Friday, May 05, 2006

Ecology and the Pentecostals

I wanted to briefly add a personal note to the sort of concerns Shane is addressing in his comments on Pentecostalism and ecology. Having come from a Fundamentalist soft-Pentecostal/Charismatic background myself, I must admit that though I theoretically knew then that humans should be wise stewards of the earth (based on the creation stories in Genesis), the Christian culture I was associated with simply didn’t cultivate such an ecological ethos which was more concerned about getting as many people to heaven before the world ended.

Reinhard Bonnke, for example, in his book Evangelism by Fire (one of the first popular Christian books I ever read), explicitly stated something like ‘a social gospel is not my concern’, and instead has subtitles like ‘Plundering Hell and Populating Heaven’, with predictable teaching. In the same book, Bonnke, without warrant, spiritualises the biblical teaching of the Jubilee year, and even suggests that biblical and theological books that don’t heat the soul with passion, should be throw on a bonfire so as to at least give of some heat! Here we have a strange mix, it seems to me, of tremendous respect for the Scriptures and awsome spiritual energy along with harmful dualisms and anti-intellectualism. Additional to the doctrine of creation mentioned by Shane, it is also, I believe, an impoverished soteriology that cripples Pentecostal concern for the environment. Few will hear sermons on such passages as e.g. Rom 5, 8:19-23, Col 1:20 or Eph 1:10 in Pentecostal churches.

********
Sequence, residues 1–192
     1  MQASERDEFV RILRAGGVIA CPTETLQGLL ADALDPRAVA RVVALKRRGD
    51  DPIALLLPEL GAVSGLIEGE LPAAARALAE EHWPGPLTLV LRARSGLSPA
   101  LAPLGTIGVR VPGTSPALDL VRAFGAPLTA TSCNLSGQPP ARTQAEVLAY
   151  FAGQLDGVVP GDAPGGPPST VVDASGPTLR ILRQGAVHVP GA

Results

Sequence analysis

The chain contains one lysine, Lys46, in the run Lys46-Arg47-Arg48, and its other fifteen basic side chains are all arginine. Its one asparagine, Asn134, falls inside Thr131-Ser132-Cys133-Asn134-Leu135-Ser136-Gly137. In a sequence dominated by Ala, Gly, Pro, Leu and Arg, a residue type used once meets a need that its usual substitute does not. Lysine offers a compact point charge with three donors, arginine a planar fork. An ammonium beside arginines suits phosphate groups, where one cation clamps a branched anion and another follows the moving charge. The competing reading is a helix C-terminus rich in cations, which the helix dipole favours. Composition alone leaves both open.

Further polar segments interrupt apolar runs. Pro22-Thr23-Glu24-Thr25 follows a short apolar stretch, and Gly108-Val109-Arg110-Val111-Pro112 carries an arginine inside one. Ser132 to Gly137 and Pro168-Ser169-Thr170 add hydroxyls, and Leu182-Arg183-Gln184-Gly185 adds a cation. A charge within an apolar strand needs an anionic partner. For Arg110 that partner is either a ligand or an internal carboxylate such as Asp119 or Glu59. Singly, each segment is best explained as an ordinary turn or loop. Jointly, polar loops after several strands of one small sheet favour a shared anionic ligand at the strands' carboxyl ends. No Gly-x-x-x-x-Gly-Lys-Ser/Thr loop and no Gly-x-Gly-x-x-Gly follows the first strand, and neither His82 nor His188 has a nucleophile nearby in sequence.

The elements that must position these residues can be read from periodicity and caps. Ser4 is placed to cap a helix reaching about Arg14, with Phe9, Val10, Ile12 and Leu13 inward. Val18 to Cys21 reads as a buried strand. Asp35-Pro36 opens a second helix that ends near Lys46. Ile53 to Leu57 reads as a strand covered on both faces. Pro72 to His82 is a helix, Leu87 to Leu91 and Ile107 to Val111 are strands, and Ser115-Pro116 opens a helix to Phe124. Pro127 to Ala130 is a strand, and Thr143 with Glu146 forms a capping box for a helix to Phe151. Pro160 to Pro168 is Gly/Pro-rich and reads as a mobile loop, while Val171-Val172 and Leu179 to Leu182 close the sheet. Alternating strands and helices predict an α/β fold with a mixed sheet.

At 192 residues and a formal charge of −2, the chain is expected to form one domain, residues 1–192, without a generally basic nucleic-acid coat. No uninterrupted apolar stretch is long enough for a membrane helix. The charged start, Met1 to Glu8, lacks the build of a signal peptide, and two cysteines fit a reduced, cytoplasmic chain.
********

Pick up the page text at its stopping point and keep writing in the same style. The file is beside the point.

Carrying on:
Once upon a time, in the first years of my Christian faith, it would never have crossed my mind to attempt to assess such Pentecostal ‘men of God’, who, given their success in evangelism with ‘signs and wonders’ following, were clearly beyond serious critique. But again, this is part of the problem of Pentecostal culture - the ‘don’t touch the Lord’s anointed’ factor that is rife at grass roots in the tradition, even if many of their leaders would be ashamed of this.

However, the Pentecostals, and people like Bonnke, do bring to worldwide Christianity plenty that is, I think, valuable: A deep respect for the Scriptures, a passionate expectancy towards God, a delightful focus on ‘personal relationship with Jesus’, a concern for the health of the human body, and more besides. Having to a good extent consciously come out of such a tradition, I sometimes find it all too easy to forget the very real positives.